12456_ea8ba8f9-4a50-4603-a2ec-817e4fcee2d1

We notice a few things here:

  • Under Section "B" - We can see the POST request is "MultiPart" meaning that it is an attempt to upload a file attachment.
  • Under Section "J" - we can see the meta-data about the file attachment. It was a file called "food.gif".
  • Under Section "H" - we see two different rules triggered on this request. One for a missing Accept request header and one from our commercial ModSecurity rules package for the suspicious User-Agent value.

File Attachment Analysis

ModSecurity has the ability to capture and store file attachments. When we inspect the "food.gif" file, we find the following:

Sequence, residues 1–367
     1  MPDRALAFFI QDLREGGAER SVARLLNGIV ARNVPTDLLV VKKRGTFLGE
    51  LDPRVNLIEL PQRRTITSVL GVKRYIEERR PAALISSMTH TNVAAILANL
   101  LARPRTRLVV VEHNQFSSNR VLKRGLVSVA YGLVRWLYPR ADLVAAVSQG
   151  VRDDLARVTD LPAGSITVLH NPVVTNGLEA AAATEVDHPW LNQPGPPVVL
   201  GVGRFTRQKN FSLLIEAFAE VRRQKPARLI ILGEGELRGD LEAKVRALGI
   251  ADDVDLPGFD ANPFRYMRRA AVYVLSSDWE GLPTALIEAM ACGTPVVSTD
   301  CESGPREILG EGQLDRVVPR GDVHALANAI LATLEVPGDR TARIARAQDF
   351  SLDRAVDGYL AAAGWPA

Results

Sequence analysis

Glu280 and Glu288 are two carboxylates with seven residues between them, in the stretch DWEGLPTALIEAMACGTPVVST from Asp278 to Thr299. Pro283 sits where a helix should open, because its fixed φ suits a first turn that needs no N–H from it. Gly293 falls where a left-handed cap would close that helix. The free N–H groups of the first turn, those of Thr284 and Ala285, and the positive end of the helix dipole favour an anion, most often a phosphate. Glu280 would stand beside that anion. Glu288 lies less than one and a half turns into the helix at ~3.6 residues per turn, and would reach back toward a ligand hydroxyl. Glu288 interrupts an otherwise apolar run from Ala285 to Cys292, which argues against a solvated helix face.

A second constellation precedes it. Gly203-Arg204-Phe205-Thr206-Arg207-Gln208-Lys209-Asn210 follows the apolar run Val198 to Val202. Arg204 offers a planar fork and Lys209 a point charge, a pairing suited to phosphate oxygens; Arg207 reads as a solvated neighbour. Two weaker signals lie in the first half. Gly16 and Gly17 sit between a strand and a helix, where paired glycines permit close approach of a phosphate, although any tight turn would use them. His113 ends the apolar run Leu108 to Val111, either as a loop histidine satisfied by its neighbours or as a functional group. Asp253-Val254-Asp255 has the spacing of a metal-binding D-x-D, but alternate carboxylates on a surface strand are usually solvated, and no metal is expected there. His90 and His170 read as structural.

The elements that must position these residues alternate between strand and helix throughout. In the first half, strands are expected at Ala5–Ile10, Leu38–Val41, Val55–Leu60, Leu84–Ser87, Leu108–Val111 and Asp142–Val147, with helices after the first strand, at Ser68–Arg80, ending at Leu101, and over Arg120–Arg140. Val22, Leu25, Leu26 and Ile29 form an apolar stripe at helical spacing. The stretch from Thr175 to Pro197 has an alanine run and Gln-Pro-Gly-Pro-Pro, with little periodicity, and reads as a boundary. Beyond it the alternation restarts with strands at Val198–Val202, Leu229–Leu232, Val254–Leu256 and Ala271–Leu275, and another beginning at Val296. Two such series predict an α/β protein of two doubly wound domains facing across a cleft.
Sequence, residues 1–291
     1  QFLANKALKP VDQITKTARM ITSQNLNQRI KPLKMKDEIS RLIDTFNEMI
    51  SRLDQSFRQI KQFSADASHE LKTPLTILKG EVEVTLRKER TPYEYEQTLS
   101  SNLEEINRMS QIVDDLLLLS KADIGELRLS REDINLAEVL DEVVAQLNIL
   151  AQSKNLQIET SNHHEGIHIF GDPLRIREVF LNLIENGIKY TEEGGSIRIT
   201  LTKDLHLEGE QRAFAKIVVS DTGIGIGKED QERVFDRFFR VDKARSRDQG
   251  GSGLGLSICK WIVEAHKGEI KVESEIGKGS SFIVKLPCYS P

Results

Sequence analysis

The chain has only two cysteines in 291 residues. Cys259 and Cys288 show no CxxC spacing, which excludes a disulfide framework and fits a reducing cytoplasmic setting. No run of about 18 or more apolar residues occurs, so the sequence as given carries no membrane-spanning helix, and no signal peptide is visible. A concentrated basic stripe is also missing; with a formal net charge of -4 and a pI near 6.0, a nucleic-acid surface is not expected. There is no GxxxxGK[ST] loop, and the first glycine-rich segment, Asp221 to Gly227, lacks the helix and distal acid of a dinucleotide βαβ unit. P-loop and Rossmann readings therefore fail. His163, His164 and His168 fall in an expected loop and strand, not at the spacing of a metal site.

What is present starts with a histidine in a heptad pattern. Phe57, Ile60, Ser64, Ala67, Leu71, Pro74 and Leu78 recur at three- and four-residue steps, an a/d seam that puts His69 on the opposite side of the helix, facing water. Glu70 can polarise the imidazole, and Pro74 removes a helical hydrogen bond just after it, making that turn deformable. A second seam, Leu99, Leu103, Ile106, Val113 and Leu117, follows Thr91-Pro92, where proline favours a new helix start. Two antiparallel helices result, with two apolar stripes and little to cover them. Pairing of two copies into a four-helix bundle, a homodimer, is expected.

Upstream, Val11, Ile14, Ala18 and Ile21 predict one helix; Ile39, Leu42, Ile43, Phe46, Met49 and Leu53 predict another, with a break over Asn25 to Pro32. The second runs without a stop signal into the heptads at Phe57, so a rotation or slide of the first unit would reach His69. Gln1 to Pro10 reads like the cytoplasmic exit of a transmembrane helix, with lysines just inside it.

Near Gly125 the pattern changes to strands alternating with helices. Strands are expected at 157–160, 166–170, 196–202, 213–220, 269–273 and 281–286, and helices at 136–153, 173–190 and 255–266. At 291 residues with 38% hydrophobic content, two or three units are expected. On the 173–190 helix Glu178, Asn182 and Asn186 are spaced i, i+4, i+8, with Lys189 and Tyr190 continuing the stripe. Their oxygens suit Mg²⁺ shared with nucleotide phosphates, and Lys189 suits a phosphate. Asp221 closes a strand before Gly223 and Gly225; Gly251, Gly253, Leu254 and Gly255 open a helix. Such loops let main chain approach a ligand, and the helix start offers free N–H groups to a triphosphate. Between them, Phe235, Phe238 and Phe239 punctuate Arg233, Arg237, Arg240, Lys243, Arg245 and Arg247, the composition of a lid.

9914_7213f40a-5b0f-4546-8a12-4fa722244a09

This is an obfuscated PHP file. After decoding, we find this section of code:

11699_c61cf2b6-2906-4754-8239-bde4036139a1

This is a typical webshell/backdoor that allows the attacker to submit OS commands and upload files:

11253_b07f6771-1782-4b52-80d6-fe7274ea923c

Step 2: Rename File Extension

After uploading the webshell file, the attacker next needs to rename the file and change the file extension from ".gif" to ".php" so that it will be executed as code by the application. There are known exploit tools to achieve this task. Here is an example screenshot of a PHP exploit page:

11574_bfbac2d2-9b57-46c7-ab2c-f7f074c065e2

The source code of the page shows the attack details:

11141_aabf767f-5755-43d9-8cdb-db5979232d12

The highlighted section show the JSON request body content that uses the "folderRename" action to change the uploaded file extension. This is how the actual attack attempt looked in the ModSecurity audit log file: